A samurai stood at the head of his troops, on the edge of the field of battle. He was at the height of his power, a master of the arts of the sword and strategy, a general, a poet. It was April. The cherry blossoms fell from the trees, and with every breeze, clouds of blossoms filled the air. He watched them fly from the trees. He watched them fall.
He said to his friend, “You could spend your entire life searching for the perfect one and never waste a moment.” He lived a life in the endless pursuit of perfection.
Later that day a sword cut into his body. The blood flowed down in trickles and streams into the earth. His life ebbed away. He spoke again to his friend, who kneeled beside him. The clouds of cherry blossoms swirled around them, for a moment hiding the land and the sky, concealing the dead and dying men around them on the field.
The samurai looked at the cherry blossoms, as if he had never seen them before. He said, “All perfect!”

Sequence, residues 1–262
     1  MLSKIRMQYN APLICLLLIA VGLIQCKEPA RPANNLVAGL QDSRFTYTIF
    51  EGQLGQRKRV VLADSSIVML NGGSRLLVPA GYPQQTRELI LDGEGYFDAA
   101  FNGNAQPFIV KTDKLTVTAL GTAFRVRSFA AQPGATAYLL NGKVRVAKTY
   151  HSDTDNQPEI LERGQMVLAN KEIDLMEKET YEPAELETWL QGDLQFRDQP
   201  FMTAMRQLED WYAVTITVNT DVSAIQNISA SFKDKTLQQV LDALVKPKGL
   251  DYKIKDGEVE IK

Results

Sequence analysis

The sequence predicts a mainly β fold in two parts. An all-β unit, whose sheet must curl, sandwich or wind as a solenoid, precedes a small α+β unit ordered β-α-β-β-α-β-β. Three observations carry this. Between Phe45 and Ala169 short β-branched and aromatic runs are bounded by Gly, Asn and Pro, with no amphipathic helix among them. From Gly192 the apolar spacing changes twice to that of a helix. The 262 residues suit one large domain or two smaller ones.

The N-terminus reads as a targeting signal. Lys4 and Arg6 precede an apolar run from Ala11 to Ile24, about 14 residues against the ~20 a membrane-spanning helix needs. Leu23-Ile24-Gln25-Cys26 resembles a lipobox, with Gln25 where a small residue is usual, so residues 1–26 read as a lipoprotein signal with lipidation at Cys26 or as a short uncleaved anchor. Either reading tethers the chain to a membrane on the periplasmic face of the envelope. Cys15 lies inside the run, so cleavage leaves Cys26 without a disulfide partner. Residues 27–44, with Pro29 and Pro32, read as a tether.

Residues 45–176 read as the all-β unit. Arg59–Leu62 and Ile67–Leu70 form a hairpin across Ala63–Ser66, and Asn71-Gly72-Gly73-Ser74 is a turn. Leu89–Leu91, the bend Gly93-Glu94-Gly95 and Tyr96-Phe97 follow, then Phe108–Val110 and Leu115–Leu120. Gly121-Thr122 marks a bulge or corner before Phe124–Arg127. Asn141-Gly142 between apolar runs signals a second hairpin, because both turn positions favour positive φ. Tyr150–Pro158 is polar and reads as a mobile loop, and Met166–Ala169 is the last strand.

What had changed? The quality of the falling cherry blossoms had not changed, from the beginning of the battle to the end of it. But the man’s mind had changed. He understood something in the moments before his death that he had missed all his life. He glimpsed for the first time that the possibility that right here, right now, all we see, all we are, is perfect. There is nothing extra, nothing lacking. Nothing but this moment, perfect as it is.
Post by J. Michael Brooks
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